It is my belief that such a discussion would greatly assist in sorting out the logic behind all of the varying poses which have been struck. For example, SMR WON can explain why it opposed the auctions before, but thinks it’s a great idea now if local operators can first negotiate some common spectrum away from Nextel. The FCC can explain why it first believed that forced frequency migration was a bad idea, but later changed its mind. PCIA can explain why adoption of the consensus proposal suddenly cures all of the problems the FCC has regarding its authority to engage in 800MHz auctions. Maybe Nextel can identify some other company that is logically positioned to bid at any future auction.
Once flushed out into the open, all of these matters can be laid before the industry, which can then decide who’s right and who’s just blowing smoke. Wouldn’t it be marvelous to finally get a public airing of these matters? I know I’d show up–just to see whether certain parties would repeat in public what is being peddled behind closed doors.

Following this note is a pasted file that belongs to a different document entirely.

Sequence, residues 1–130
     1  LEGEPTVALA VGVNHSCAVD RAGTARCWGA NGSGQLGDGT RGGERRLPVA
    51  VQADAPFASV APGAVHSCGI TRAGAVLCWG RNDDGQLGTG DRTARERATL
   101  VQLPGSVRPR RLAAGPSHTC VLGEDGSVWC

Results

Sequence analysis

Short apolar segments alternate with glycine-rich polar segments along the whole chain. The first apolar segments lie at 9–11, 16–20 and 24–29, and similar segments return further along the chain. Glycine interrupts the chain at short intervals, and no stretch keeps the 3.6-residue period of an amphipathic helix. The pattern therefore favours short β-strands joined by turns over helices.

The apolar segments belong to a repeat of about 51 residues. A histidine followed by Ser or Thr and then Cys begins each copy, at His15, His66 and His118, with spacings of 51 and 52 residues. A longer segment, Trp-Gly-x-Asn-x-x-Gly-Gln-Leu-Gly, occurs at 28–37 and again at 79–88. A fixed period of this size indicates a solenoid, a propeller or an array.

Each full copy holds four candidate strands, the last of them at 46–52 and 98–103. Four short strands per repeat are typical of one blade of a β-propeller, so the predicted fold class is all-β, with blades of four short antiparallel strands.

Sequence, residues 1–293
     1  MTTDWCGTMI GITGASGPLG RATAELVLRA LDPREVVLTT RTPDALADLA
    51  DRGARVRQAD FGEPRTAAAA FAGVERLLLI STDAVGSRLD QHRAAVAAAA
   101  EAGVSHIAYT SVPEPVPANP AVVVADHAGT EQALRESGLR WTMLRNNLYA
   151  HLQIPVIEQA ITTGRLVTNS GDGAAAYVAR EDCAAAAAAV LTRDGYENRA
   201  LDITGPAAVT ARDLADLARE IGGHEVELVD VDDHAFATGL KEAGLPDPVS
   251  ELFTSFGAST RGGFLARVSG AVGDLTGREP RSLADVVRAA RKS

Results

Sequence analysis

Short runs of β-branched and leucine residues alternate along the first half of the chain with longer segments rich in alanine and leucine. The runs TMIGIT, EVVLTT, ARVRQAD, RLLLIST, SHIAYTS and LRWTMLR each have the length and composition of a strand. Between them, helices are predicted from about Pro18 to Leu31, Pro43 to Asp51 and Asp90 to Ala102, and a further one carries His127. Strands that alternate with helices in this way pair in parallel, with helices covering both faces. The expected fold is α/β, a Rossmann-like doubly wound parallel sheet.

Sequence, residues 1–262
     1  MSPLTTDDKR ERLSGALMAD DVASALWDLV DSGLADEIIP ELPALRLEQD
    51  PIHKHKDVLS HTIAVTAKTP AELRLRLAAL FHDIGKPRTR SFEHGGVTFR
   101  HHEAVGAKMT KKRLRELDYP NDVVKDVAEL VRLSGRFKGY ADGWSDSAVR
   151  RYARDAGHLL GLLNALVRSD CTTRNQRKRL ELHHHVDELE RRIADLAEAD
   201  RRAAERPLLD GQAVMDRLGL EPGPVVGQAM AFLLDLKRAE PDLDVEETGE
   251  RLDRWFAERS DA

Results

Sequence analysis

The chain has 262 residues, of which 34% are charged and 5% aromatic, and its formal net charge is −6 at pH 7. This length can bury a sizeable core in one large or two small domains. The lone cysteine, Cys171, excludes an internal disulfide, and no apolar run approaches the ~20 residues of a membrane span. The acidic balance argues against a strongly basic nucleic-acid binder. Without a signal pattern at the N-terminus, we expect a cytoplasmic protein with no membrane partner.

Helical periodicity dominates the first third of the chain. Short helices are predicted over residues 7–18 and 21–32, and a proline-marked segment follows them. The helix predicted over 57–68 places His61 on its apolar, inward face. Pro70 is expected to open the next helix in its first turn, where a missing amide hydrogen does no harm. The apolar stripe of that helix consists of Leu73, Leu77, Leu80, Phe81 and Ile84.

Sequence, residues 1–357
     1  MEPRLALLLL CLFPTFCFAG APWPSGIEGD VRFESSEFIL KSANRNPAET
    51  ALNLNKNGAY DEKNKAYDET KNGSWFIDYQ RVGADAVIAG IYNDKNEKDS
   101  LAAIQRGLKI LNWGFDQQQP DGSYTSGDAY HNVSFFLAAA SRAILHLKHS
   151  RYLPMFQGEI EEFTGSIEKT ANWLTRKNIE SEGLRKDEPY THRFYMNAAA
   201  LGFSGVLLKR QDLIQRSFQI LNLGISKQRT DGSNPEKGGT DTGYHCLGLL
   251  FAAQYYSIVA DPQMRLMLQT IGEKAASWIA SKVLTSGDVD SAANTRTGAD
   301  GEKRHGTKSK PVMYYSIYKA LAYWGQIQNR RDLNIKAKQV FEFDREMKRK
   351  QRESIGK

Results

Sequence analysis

My invitation I am willing to represent the anti-auction, anti-consensus folks in a debate with all other persons, groups, associations, and organizations that support either auctions or the alleged consensus. Specifically, I invite Alan Shark, Jay Kitchen, Morgan O’Brien, Reed Hundt, and a representative of SMR WON to meet me anytime, anywhere, to debate the merits of the various positions. Let’s see; that’s 5-to-1 odds. I like my chances.
Here are my conditions: a neutral party for administrating the debate; a site announced well in advance so that members of the industry can attend and witness the debate; and industry members able to ask questions of the participants.
How about the FCC meeting room? It’s convenient for the participants and it’s got the facilities for taping the debate. I would also invite members of Congress to attend and get a clearer picture of the matter.
Within the confines of an honest debate, the FCC staff and members of the public can finally confront the differences between these groups and determine why persons are so impassioned in support of their positions. The public can also tell whether parties’ claims regarding each other’s motivations are accurate and whether any articulated plans will reach the objectives put forth by a proponent.